Articles: Knowledge Management
government and knowledge management (page 3)
Providing E-Government with Knowledge Management is no more challenging than incorporating Knowledge Management in an E-Retail Store. Understanding the principles of the service offerings, managing the process and consistently adding value from the outset, will determine a balanced scorecard others can only imagine. Incorporating survey instruments involving all citizens initiates the mind-shift and breaks down the challenges. The Return on Investment is naturally a requirement of the organisation, while the Return on Effort provides substantial incentive to the workers, especially with effective Use and Reuse.
Collaboration of end to end solutions encompasses a total service for the production of tangible outputs to customers and returns for the organisation. For instance, a template driven by automated guidelines (voice or text) will provide a standard ordering or requisition process. Therefore, the ongoing process of creation and transfer would become a marketing pipeline established by the customer. Predetermined business rules dictated by values (time to market etc) sets the prioritisation and immediate response at the point of entry, therefore increasing customer satisfaction.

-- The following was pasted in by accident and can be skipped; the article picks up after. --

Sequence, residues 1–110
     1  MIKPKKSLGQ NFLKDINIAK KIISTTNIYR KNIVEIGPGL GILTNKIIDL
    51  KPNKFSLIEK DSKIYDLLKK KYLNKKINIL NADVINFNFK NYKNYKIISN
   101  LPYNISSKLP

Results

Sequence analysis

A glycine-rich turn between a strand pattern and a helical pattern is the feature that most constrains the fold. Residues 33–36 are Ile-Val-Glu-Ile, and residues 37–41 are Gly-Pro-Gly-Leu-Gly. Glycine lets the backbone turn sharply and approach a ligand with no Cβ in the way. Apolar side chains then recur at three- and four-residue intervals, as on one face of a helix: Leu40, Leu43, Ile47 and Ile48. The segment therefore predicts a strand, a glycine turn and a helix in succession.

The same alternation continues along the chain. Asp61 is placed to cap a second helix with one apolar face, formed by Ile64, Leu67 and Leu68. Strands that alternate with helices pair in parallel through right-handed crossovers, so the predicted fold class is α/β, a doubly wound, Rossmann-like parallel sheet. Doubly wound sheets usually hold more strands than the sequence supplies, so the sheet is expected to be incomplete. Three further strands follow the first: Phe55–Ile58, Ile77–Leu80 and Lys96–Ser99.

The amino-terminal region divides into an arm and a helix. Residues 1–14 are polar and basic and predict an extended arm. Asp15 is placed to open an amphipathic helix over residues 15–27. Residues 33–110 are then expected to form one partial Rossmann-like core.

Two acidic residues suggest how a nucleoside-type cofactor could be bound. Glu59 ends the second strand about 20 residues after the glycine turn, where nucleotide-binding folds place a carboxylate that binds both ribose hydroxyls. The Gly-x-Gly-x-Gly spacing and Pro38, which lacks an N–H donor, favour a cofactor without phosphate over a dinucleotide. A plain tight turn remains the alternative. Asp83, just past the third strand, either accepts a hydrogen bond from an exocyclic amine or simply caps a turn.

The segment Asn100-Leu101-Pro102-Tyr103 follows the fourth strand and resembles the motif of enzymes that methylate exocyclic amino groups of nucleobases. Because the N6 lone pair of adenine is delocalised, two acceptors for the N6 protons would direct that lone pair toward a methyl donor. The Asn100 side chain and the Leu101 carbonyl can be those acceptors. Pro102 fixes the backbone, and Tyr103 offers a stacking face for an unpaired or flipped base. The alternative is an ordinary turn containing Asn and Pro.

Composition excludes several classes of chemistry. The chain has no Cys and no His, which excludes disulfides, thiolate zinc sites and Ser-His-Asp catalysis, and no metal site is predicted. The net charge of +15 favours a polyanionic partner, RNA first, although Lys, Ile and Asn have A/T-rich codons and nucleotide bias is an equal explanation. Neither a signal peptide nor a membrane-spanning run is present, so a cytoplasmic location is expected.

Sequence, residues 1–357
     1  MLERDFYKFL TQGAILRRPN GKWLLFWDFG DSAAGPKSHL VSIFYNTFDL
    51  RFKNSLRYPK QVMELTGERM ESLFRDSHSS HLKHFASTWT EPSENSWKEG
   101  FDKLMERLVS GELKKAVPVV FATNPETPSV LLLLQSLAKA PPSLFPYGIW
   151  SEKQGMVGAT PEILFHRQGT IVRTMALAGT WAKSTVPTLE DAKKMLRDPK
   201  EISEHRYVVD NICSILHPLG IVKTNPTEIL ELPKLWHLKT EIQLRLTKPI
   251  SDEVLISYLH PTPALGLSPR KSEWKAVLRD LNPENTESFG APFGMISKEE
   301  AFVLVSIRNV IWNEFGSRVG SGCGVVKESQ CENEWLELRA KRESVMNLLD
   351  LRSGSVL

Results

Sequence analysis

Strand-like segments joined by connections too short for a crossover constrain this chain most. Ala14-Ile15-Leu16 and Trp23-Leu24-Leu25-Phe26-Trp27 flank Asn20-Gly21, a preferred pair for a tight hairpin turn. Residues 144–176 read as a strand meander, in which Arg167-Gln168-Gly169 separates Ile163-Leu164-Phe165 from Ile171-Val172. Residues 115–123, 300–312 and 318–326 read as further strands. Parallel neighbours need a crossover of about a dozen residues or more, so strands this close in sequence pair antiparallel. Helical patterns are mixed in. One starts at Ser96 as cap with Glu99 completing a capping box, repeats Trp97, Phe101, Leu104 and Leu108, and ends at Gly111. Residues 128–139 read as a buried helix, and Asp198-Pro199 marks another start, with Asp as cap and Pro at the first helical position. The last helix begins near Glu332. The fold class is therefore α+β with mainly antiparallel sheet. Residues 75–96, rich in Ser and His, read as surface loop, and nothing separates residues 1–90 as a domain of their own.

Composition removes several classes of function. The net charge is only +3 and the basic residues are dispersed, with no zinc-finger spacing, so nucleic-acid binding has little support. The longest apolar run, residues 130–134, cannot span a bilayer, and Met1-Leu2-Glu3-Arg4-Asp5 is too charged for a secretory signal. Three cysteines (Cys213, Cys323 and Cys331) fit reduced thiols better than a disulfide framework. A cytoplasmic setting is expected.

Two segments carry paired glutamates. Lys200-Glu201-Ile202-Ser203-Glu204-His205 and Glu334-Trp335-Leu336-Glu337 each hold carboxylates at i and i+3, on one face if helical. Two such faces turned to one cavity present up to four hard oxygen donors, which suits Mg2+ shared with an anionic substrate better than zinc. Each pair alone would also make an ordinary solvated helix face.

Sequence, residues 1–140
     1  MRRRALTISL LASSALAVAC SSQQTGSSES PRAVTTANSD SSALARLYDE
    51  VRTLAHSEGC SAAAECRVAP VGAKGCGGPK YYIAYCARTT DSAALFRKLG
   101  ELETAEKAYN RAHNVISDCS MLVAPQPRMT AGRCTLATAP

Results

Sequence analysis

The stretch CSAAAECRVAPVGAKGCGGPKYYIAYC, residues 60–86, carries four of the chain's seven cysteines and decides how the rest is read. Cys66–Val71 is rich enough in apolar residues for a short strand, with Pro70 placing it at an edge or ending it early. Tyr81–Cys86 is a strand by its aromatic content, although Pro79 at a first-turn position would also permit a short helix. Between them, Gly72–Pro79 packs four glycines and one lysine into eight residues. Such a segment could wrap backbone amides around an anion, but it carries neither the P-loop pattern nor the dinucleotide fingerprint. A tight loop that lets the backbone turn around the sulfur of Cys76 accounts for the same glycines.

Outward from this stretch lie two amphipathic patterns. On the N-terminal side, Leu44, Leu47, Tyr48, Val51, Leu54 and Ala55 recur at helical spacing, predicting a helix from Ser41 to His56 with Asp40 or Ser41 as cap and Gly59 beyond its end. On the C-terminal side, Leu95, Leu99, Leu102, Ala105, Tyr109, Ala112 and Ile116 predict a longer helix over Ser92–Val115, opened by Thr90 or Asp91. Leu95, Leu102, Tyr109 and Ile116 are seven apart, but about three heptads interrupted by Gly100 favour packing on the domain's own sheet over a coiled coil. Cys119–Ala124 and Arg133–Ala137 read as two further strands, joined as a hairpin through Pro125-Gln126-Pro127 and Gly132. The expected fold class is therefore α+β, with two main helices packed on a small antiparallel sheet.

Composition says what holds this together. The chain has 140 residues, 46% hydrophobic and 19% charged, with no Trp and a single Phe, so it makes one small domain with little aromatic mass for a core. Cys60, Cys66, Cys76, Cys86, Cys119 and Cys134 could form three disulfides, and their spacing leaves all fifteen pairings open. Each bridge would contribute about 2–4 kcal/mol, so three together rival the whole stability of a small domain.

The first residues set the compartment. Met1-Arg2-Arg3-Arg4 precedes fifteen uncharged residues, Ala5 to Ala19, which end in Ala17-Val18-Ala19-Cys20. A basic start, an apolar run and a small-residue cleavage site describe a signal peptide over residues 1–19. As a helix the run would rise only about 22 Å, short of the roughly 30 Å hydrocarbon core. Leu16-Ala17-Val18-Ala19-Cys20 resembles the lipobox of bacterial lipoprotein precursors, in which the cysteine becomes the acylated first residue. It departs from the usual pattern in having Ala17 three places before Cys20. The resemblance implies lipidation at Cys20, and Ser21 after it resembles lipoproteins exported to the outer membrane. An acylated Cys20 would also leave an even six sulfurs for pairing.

The Human and Customer Capital will determine what is required and the Organisational Capital will establish the processes, procedures and policies as a high-level supporting infrastructure. E-Government must establish Knowledge Management processes, but as important, it must also manage its Intellectual Capital. This is the value, and the metrics are guided by the relationship between the Tangible Assets and Intangible Assets, therefore identifying the measurement of effort to production.